Place, publisher, year, edition, pages
Karlstad: Karlstads universitet, 2014. p. 42
Series
Karlstad University Studies, ISSN 1403-8099 ; 2014:35
Keywords
Galling, Microstructure, Material transfer, Tool steel, Stainless steel, Metall transfer
National Category
Tribology (Interacting Surfaces including Friction, Lubrication and Wear) Materials Engineering Mechanical Engineering
Research subject
Materials Engineering
Identifiers
urn:nbn:se:oru:diva-61013 (URN)978-91-7063-568-7 (ISBN)
Public defence
2014-08-29, Ljungbergsalen, 21A 244, Universitetsgatan 2, 10:15 (English)
Opponent
Supervisors
Available from: 2017-09-21 Created: 2017-09-14 Last updated: 2018-06-25Bibliographically approved
Karlsson, P., Krakhmalev, P., Gåård, A. & Bergström, J. (2013). Influence of work material proof stress and tool steel microstructure on galling initiation and critical contact pressure. Tribology International, 60, 104-110
Open this publication in new window or tab >>Influence of work material proof stress and tool steel microstructure on galling initiation and critical contact pressure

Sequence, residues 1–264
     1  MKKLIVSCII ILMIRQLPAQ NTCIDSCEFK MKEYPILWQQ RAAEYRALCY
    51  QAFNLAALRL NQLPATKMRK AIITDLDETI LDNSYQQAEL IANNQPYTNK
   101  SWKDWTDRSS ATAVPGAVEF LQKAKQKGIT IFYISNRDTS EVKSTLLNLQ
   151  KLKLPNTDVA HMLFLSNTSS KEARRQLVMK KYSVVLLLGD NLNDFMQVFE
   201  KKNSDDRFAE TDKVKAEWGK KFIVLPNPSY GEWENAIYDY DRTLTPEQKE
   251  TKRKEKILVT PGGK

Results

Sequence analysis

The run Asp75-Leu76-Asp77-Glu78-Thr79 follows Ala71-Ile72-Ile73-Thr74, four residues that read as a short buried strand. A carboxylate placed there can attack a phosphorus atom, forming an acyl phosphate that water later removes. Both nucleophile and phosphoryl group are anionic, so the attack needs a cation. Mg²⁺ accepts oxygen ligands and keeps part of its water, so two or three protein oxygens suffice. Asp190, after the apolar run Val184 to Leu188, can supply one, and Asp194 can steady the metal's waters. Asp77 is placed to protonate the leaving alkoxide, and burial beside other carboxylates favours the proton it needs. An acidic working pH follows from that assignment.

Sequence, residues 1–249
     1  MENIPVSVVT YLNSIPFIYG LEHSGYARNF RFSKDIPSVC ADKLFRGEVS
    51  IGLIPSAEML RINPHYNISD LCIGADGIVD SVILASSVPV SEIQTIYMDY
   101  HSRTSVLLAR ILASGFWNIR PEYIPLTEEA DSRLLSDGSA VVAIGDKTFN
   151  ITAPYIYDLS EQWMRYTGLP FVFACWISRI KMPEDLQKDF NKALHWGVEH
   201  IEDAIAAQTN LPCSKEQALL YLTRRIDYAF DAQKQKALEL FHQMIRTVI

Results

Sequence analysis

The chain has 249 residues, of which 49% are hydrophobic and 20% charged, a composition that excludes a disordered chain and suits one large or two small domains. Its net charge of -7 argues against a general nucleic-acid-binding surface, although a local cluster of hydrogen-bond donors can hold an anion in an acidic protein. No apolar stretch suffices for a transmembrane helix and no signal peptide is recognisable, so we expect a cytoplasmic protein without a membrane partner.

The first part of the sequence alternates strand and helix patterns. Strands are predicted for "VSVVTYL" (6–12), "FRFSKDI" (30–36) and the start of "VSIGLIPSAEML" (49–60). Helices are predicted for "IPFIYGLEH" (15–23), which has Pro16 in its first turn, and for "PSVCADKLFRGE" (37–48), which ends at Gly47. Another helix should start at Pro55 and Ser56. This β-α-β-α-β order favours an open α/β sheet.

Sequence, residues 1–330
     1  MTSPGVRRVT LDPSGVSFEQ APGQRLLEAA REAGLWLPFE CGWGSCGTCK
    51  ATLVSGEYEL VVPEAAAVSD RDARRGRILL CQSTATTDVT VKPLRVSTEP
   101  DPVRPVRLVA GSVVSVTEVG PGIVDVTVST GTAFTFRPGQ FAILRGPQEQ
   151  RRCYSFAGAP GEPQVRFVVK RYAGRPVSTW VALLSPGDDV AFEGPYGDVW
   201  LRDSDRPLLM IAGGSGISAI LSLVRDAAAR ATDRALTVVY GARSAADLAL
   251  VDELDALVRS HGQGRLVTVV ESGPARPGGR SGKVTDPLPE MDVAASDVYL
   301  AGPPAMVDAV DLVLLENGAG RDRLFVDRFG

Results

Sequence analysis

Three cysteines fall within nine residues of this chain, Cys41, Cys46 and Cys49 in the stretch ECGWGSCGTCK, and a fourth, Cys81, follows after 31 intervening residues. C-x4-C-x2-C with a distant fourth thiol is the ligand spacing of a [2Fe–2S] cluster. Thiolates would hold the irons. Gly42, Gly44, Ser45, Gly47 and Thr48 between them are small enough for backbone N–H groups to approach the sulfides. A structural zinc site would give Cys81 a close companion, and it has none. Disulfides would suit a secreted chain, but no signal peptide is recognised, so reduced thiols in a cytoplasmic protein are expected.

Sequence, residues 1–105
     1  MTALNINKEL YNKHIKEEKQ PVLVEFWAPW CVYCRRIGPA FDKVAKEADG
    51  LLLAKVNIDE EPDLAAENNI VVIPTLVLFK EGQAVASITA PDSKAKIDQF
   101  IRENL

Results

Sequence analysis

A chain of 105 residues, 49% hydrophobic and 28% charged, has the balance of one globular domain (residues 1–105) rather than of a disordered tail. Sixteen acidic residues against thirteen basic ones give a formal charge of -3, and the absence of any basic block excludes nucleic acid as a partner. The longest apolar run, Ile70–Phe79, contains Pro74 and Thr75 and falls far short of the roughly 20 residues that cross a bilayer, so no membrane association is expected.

2013 (English)In: Tribology International, ISSN 0301-679X, E-ISSN 1879-2464, Vol. 60, p. 104-110Article in journal (Refereed) Published
Abstract [en]

EN 1.4301 (austenitic), EN 1.4509 (ferritic), EN 1.4162 (duplex) and EN 1.4310 C1000 (metastable austenitic) stainless steels were tested in lubricated sliding against an ingot cast EN X153WCrMoV12 and powder metallurgy nitrogen alloyed Uddeholm Vancron 40 tool steels to reveal critical to galling contact pressure, Pcr. The calculated Pcr were higher for steels with higher strength. At P>Pcr, due to plastic flow of sheet material, the tool is damaged substantially and wear-induced matrix damage causes rapid galling initiation. At P<Pcr, galling was not observed. The powder metallurgy tool steel was more resistant to galling against all tested stainless steels. Better performance was associated with fine and homogeneously distributed hard phases preventing intensive wear of the tool steel matrix.

Place, publisher, year, edition, pages
Elsevier, 2013
Keywords
Galling, Tool steels, Stainless steel, Wear
National Category
Tribology (Interacting Surfaces including Friction, Lubrication and Wear) Mechanical Engineering Materials Engineering
Research subject
Materials Engineering; Mechanical Engineering
Identifiers
urn:nbn:se:oru:diva-58821 (URN)10.1016/j.triboint.2012.10.023 (DOI)000315550700014 ()2-s2.0-84870371161 (Scopus ID)
Available from: 2012-10-26 Created: 2017-07-24 Last updated: 2018-01-13Bibliographically approved
Organisations
Identifiers
ORCID iD: ORCID iD iconorcid.org/0000-0002-8144-8821

Search in DiVA

Show all publications